The role of a product manager
Product management sits at the intersection of customer, technology, and business. The product manager should be able to wear multiple hats (a jack of all trades if you’d like) and to always communicate with the technical & business teams but also with its customers.
A product manager should be thinking about the product strategy, have meetings with customers to validate what you are putting on the product roadmap, and then prioritizing the features on that roadmap depending on the feedback that you got from the customers.
It’s important for them to always make sure that the product that is being built is serving the customer, and is also taking into consideration the limitations and opportunities that are brought by technology advancements or any changes that are happening on the market that you’re addressing.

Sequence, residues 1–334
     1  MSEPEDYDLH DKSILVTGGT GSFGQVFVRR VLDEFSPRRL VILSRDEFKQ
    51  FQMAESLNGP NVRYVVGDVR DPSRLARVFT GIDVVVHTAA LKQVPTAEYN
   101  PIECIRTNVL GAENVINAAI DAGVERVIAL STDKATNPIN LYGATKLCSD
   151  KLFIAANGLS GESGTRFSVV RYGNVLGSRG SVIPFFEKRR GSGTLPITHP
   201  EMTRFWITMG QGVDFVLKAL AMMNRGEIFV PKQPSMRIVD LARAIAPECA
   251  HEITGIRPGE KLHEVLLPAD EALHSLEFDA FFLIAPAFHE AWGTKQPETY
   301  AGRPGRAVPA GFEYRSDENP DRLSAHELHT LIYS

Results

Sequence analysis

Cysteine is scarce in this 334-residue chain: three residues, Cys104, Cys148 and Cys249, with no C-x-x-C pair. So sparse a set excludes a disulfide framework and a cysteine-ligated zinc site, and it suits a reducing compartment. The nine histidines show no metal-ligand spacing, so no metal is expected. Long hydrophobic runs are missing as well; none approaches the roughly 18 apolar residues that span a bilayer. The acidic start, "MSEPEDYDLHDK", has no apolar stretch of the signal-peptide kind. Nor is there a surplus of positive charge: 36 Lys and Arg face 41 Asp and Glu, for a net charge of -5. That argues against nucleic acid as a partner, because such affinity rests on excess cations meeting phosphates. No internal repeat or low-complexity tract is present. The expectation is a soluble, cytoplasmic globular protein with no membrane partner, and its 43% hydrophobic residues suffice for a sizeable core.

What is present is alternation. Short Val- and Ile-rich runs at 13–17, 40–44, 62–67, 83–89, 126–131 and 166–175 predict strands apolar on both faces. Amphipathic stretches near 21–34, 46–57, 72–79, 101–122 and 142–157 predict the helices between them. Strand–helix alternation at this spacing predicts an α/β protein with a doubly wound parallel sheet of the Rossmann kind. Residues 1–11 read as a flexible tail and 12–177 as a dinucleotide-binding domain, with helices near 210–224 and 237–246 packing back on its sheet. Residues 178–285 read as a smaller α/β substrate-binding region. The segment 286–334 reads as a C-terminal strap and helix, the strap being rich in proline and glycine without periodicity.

The ideal product manager should be:
- a very good communicator both with people inside and outside the company that will share different points of view about what you’re creating
- making sure that your product makes sense money-wise when it comes to having a stable company and growing your company
- someone who’s not afraid to be proven wrong in order to find insights into what is not wanted, not working, or shouldn’t be changed about the product and communicate it to the team
- the person that everyone knows is making the decisions about the product roadmap – prioritizing features, testing them, and pushing them live, so your customers can use them as well
At least at the beginning of the startup, you might not have just a fully dedicated person that is called the product manager, but someone in the team will wear this hat quite often. Therefore, this skill is somewhat spread across all members, but in order to have clarity, this role should be assumed by 1 or 2 people in the company (most of the time the role is filled either by the founders and / or a technical person).